CCP is trying to create a good shooter game first, trying to independently capture the console shooter gamer as an independent market segment from PC gamers.  If they make a shooter that stands well on it's own they'll expand their playerbase.  The link to EVE is one of CCPs typical push-the-envelope ideas that is supposed to be a value added experience.

 

(Oh, and to earlier in the thread - and Whitewolf is in Atlanta not Austin)

This seems more of a positive to me.  CCP wouldn't licence an engine if they weren't happy with how it's performing and were confident it was going to suit their purposes.  AFAIK, anyone can fool around with commercial engines as long as they're not making money off of them - development could very well be quite far along and they're only just now working out the legal agreements because they're only now sure UR3 will work for them.

I'm actually glad CCP made the choice to use a proven engine to run DUST.  CCP is an MMO company, they have no experience with FPS games at all.  So they'd either have to hire a whole FPS team to develop a novel engine, or they could licence a proven engine and tweek it to their needs while concentrating on the integration and the MMO elements of the final game.  I know which I'd choose in their place.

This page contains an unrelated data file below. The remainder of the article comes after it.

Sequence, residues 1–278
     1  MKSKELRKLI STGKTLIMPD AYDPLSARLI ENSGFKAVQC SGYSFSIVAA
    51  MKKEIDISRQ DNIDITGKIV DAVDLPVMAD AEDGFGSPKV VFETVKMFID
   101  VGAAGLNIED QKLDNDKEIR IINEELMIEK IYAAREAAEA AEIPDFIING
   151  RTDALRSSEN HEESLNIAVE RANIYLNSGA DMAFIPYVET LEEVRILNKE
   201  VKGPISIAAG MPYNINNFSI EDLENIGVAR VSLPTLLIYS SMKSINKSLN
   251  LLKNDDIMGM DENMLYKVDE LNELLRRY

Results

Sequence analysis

Originally posted by OddjobXL

The main AURORA event I was involved in was the Khanid Carrier series of events.  It was kind of amazing to me that we even had that going on given how relatively few people were involved.  The battles would see pretty broad participation but the side events building up to them almost felt like they belonged to just a handful of small Corps that were vested in Khanid RP.  The whole thing blew my mind.

However, you can still have a D&D like RP experience in at least one MMO.  SWG, which is hard to otherwise recommend, does have a couple toolsets for player content creation.  The Storyteller system focuses on live interaction between a player managing the props and NPCs and a player party.  It's not instanced so the Storyteller can set up props in player cities, with permission, and many regions on many worlds for a real involved adventure.  As an old tabletop hand myself, I can say it's by far the closest I've come to old school roleplaying adventure in MMOs so far and that includes CoH's Architect.